Deck Garage: Building Mid-Range Strategies

September 3, 2013 in Articles, Blood, Deckbuilding, PvP, Ruby, Source, Wild by John Tatta

Anyone who knows me when it comes to playing CCGs knows that I’m a huge fan of control and mid range strategies.  I’m a fan a sculpting a game plan in turns 1-5 and then executing it in the middle of the game to create a board state that becomes unbeatable.  Now, many players don’t like this deck concept because you are constantly playing from behind but after you learn how to navigate the rough waters it’s smooth sailing.  One of my favorite decks in MTG is Jund (Black, Red, Green); not because of how popular the deck is or how much it wins but because of the power level of the deck.  It’s a perfect example of what a mid range deck should look like.  It has efficient removal, solid creatures, and a very good resource base.  One of the main things that you want in a mid range deck (and control deck) is the ability to create card advantage through single cards.  We’ll go more into that in detail here in a bit.

Before we get into everything too deep, let me elaborate on what the different types of decks there are so you know exactly what I’m talking about.

  • Aggro decks – These decks typically play 8-12 1-drops and a full suite of efficient removal and damage spells and aim to kill you before you can hit the midgame.  If the aggro deck gets to turn 6-7, and the opponent isn’t dead yet, it’s likely that they’ll get overwhelmed by bigger and more powerful troops.  These tend to be the most popular decks in any game for their relative ease to play as well as card availability.
  • Midrange decks:  The deck we’re talking about today.  These decks tend to take control of a game around turn 5-6 with efficient troops and abilities.  The abilities and troops in the deck have ways to two-for-one an opponent and create overwhelming board states.
  • Control decks:  Control decks tend to overwhelm you with card advantage and card quality over the course of a long game.  The longer the game goes, the more you’re playing into the game plan of the control deck.  Around turn 8-9 the control deck starts to take over by clearing the game field of troops and then laying their own large threat.

Because we’re talking about midrange decks today, and because Black, Red, and Green is historically the most powerful color combination, we’re going to be constructing a Blood, Ruby, Wild midrange deck.  Our goal is to include cards that generate card advantage as well as efficient ways to deal with the opponents threats and provide our own.  Given the cards that we’ve seen so far, and one particular one from the conventions over the weekend, I think that we can come up with something pretty powerful.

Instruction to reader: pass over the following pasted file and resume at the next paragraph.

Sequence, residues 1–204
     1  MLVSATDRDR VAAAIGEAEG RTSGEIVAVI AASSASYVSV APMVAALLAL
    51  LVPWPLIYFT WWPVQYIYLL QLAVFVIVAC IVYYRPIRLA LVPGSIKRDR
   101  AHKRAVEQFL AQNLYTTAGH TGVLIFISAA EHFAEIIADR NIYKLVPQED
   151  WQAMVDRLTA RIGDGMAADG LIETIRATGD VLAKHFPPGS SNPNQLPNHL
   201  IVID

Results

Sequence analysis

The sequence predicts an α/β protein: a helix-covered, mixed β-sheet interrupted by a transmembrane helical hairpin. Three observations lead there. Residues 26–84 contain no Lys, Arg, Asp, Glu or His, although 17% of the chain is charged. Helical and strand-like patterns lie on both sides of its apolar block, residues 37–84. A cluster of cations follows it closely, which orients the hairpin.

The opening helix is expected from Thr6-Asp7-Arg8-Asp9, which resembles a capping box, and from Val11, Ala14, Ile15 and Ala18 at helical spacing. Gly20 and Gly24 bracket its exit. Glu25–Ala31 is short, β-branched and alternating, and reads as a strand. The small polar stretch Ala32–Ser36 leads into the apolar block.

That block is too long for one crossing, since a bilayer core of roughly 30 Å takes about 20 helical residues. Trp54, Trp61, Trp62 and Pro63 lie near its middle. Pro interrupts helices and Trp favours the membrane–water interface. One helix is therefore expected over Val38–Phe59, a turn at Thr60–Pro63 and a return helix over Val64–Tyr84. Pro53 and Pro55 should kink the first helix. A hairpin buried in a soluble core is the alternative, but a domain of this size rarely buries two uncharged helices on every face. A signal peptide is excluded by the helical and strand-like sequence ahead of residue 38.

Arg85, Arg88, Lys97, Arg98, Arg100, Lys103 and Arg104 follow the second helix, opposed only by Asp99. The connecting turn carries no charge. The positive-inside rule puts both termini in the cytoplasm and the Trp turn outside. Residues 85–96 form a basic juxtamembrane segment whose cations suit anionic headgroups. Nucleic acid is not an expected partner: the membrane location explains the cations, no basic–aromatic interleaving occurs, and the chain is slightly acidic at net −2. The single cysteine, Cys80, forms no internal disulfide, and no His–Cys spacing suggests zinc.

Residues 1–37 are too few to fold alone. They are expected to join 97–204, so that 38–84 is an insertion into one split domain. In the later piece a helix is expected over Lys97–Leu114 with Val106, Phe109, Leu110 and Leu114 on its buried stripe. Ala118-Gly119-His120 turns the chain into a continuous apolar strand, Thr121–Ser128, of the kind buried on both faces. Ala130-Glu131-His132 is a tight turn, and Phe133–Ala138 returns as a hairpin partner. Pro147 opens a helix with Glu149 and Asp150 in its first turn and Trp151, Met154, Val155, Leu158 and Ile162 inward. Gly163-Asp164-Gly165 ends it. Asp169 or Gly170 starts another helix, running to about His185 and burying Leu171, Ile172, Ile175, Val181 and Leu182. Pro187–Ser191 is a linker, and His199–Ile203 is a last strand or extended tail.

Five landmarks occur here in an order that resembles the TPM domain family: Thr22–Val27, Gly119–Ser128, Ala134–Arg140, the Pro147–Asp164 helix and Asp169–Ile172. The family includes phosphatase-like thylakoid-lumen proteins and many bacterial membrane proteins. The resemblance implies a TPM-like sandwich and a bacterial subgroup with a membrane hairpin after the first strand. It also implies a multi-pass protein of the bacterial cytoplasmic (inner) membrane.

Let’s jump right into what kind of troop base we want.  Keep in mind that we won’t really want to necessarily include very many low drops (1-2) as our game plan is to stabilize in the middle of the game rather than apply a constant clock early on.  We don’t want to limit our options too much though and might end up including something like that if it’s also efficient later on.  We just want to avoid “dead” draws once we get back into the game.

Mancubus – This is a card that I’m excited about as long as the format is ripe with two power or less creatures.  Either way, I’d like to experiment with him and would like to find room for at least one copy.  What he allows us to do is play him and the following turn threaten to steal an opposing creature.  We might also want to include a copy of Wild Growth, Wild Aura, or some number of Wild Root Dancer to increase his effectiveness.

Wild Root Dancer – This is a card that works very well with Mancubus as well as several other cards that we may choose to play in the deck but ultimately I’m not sure if it’s where we want to be.  He doesn’t have any kind of evasion and there will be many times where he’s the only troop on the field which doesn’t trigger his ability.  I don’t doubt that Wild Root Dancer is a great card, but I don’t think he’s the right man for this deck.  We’ll see as we add to the list of troops.

Battle Beetle – This is the troop that inspired me to even write this article.  I think that this troop has tremendous upside and is very, very flexible in what he can do.  He’s likely the decks primary win condition as well as a two-for-one on a stick when socketed with the wild major.  From just glancing at the gem chart, the only options for a midrange deck would be the WIld major that causes a fight when he enters play, the blood major that damages opponents when he enters play, or the Ruby major that destroys resources when he damages an opponent.  More often than not, we’re always going to want to fight but if we’re allowed to change gems during sideboarding that’s going to really make this guy’s value go through the roof.